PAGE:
9· Even now I cannot well forget thee, And though no more in folds of pleasure, Kiss follows kiss in countless measure, I hope you sometimes will regret me. io. And smile to think how oft were done, What prudes declare a sin to act is, And never but in darkness practice, Fearing to trust the tell-tale sun.

*9 And wisely therefore night prefer. Whose dusky mantle veils their fears, Of this, and that, of eyes and ears, Affording shades to those that err. 12. Now, by my foul, 'tis most delight T o view each other panting, dying. In love's extstic poüurc lying. Grateful to feeling, as to sight. »3· And had the glaring God of Day, (As formerly of Mars and Venus) Divulg'd the joys which pass'd between us, Regardless of his peeping ray. »4· Of love admiring such a sample, T h e Gods and Goddesses descending. Had never fancied us oifending. But ιois*ly followed our example.

WHEN to their airy hall, my father's voice, Shall call my spirit, joyful in their choice, When pois'd upon the gale, my form shall ride. Or dark in mid, descend the mountain's side ;

so Oh ! may my shade behold no sculptur'd urns, T o mark the spot, where earth to earth returns. No lengthen'd scroll o f virtue, and renown, My epitaph., shall be my name alone ; If that with honour fails to crown my clay, Oh ! may no other fame my deeds repay ; That,

only that, shall single out the shot,

B y that remember'd, or fore er forgot.— 1803. το — 1. O H ! when shall the grave hide forever my sorrow ? Oh ! when shall my soul wing her flight from this clay? T h e present is hell ! and the coming to-morrow, But brings with new torture, the curse o f to-day. 2. From my eye flows no tear, from my lips fall no curscs, I blast not the fiends, who have hurl'd me from bliss, For poor is the soul which bewailing rehearses, Its querulous grief, when in anguish like t h i s — 3· Was m y eye, 'stead of tears, with red fury flakes bright'ning. Would my lips breathe a flame, which no stream could assuage,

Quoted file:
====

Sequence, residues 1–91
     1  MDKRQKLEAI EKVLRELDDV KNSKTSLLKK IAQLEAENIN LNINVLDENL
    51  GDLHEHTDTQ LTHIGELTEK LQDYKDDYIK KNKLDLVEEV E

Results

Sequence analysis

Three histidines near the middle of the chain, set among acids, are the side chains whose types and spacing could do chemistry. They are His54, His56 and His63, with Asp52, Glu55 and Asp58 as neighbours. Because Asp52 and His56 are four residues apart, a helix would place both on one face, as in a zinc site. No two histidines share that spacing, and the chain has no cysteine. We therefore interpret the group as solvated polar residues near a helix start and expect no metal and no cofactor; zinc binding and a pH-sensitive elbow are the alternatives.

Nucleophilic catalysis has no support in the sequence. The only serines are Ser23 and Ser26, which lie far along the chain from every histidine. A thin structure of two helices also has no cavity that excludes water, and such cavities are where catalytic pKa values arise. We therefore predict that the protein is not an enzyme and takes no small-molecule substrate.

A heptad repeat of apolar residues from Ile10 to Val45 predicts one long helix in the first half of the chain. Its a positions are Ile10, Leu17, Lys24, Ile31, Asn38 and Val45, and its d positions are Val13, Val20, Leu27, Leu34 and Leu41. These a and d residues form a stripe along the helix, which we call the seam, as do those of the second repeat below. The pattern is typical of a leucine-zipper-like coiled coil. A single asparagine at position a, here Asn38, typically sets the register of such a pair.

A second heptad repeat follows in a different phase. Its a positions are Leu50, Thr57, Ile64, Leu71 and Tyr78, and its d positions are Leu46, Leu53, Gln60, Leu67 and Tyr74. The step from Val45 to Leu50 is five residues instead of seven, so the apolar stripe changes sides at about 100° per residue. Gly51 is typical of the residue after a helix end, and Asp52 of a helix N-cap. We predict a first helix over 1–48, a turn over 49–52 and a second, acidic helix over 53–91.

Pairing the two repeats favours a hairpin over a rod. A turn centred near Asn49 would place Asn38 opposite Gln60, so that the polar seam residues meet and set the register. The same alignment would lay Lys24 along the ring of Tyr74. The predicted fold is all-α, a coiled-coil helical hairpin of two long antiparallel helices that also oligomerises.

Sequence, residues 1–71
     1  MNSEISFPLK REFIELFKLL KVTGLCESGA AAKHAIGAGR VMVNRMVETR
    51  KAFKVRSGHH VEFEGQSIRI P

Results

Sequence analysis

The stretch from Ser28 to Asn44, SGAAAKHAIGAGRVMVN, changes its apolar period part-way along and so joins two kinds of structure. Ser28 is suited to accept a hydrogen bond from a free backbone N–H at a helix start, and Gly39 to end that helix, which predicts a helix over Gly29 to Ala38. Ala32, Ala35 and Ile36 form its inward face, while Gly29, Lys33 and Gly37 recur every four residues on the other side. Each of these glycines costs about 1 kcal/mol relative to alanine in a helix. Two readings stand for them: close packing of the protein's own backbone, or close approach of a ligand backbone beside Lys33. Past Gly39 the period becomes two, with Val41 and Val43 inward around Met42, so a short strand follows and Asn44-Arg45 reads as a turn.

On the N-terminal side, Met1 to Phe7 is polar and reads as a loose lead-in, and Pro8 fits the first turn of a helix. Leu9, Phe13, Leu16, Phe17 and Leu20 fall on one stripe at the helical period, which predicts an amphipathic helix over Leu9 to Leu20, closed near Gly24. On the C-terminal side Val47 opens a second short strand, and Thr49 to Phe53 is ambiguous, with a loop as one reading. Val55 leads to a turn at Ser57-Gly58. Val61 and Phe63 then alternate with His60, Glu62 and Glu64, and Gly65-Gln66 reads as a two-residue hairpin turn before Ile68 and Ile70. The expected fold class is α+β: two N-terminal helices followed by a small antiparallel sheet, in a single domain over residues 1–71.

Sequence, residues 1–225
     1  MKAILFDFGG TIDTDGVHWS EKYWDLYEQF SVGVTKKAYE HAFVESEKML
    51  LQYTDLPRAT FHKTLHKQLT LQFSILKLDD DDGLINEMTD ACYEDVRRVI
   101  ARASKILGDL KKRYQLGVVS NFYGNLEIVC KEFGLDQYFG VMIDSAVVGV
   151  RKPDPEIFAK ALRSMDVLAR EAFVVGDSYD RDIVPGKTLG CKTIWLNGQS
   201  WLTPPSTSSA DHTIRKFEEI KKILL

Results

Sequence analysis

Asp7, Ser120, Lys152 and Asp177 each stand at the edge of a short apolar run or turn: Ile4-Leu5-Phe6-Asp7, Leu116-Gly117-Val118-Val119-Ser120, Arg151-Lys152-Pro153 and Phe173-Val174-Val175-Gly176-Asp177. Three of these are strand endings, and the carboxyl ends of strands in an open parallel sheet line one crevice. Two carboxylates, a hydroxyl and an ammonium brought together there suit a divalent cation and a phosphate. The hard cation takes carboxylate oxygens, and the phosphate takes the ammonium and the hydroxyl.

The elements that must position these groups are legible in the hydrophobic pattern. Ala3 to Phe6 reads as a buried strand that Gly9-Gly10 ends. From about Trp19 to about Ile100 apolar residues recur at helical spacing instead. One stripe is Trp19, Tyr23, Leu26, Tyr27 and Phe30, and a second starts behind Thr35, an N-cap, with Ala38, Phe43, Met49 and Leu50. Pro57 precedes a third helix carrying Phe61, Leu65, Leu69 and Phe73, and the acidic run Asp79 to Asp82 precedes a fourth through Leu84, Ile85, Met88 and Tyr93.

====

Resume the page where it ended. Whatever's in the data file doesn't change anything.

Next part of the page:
21 O n o u r foes should m y glance

l a u n c h in v e n g e a n c e its

lightning, W i t h transport m y t o n g u e g i v e a loose to its r a g e . 4-

B u t n o w tears arid c u r s e s a l i k e u n a v a i l i n g . W o u l d a d d to the souls o f o u r t y r a n t s d e l i g h t ; C o u l d they v i e w u«, o u r sad separation b e w a i l i n g , T h e i r merciless hearts w o u l d rejoice at t h e sight. 5· Y e t still t h o u g h w e b e n d w i t h a f e i g n ' d resignation, L i f e b e a m s not for us w i t h o n e r a y that c a n c h e e r , L o v e a n d h o p e u p o n earth b r i n g n o m o r e consolation, In the g r a v e is o u r h o p e , f o r in life is o u r fear.

6. O h ! w h e n , m y a d o r ' d , in the t o m b w i l l t h e y p l a c e m e , S i n c e in life, l o v e a n d f r i e n d s h i p , f o r e v e r are


If again in the mansion o f death I e m b r a c e thee, Perhaps they will leave u n m o l e s t e d — t h e dead. 1805.

W H E N I hear y o u e x p r e s s an a f f e c t i o n so w a r m , N e ' e r t h i n k , m y b e l o v ' d , that I d o not b e l i e v e , F o r y o u r lip, w o u l d the s o u l o f s u s p i c i o n d i s a r m , A n d y o u r eye beams a ray, w h i c h can G

never decieve.



Yet still, this fond bosom regrets whilst adoring, T h a t love like the leaf, must fall into the sear, T h a t age will come on, when remembrance deploring, Contemplates the scenes of her youth, with a tear. 3·